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How Distributed Weakness Filing might help MITRE’s CVE

Complaints about the current Common Vulnerabilities and Exposures (CVE) system from the MITRE organization have advanced a new community-powered Distributed Weakness Filing (DWF) system. DWF is available on GitHub.

The MITRE-controlled CVE, used to assign specific numbers to newly disclosed vulnerabilities, has been used in the InfoSec community for the last few years. But concerns around backlogs spilled over at last week’s AusCERT conference, with at least one presenter mocking the current practice. At issue is the fact that MITRE has fallen behind in issuing CVEs. Also, even when it has assigned a CVE, it’s often slow to release details.

Kurt Seifried, security researcher at Red Hat, thinks he has the answer in DWF. For one thing, DWF adds a more global perspective to CVE, which currently covers mostly English, North American software. It doesn’t, for example, have good coverage of software originating in Japan, India, China, Russia and other countries. Also, the current CVE system doesn’t cover the medical industry, aerospace, cars, or even the Internet of Things well.

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“The DWF is also about experimenting with CVE; an example is that we have specified a data format for information related to the CVEs, such as severity information, workarounds and so on, that does not currently exist in the MITRE CVE database,” Seifried told eWeek. “Part of the DWF plan is to make the data not only available to read, but also to write, assuming the data coming back is of sufficient quality, for anyone.”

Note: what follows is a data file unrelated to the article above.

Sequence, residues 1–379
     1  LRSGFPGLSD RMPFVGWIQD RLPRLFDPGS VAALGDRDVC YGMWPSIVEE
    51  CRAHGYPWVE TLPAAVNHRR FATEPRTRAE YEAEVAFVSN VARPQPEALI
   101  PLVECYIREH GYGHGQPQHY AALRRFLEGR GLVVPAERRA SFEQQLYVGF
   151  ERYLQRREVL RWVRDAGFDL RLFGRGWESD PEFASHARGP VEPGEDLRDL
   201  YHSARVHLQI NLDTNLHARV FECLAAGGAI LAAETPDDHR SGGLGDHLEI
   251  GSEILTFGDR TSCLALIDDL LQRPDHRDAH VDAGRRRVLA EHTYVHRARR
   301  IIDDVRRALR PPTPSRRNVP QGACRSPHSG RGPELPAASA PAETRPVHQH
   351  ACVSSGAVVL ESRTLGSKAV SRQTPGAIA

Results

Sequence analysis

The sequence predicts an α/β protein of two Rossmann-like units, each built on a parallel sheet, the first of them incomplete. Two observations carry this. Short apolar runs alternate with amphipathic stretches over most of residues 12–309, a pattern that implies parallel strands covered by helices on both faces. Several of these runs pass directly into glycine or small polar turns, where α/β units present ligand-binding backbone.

Part of the problem with CVEs is that MITRE has changed how it runs the organization. This has resulted a severe backlog. MITRE has proposed a new plan to deal with the scale issues the system is currently experiencing.

“The long-term plan for CVE [and DWF] as it stands now is to move to a ‘federation’ model, with MITRE remaining as the master of CVE and then a number of entities covering various spaces,” Seifried explained to eWeek. “DWF, for example, would focus on open source and, potentially, we could end up with country-/language-specific CVE entities, or industry verticals to cover specific technology use cases, like the software that governs self-driving cars.”

Seifried said in the interview that MITRE is currently in Stage 1, where they are not consuming DWF data; they are just marking CVEs as “RESERVED” once DWF has assigned them. “During Stage 2, MITRE will actually consume the DWF data [descriptions, etc.]; however, prior to Stage 2, MITRE wants to get the licensing and some other legalities all squared away, something that is being worked on with their lawyers and Red Hat’s legal team,” Seifried said.

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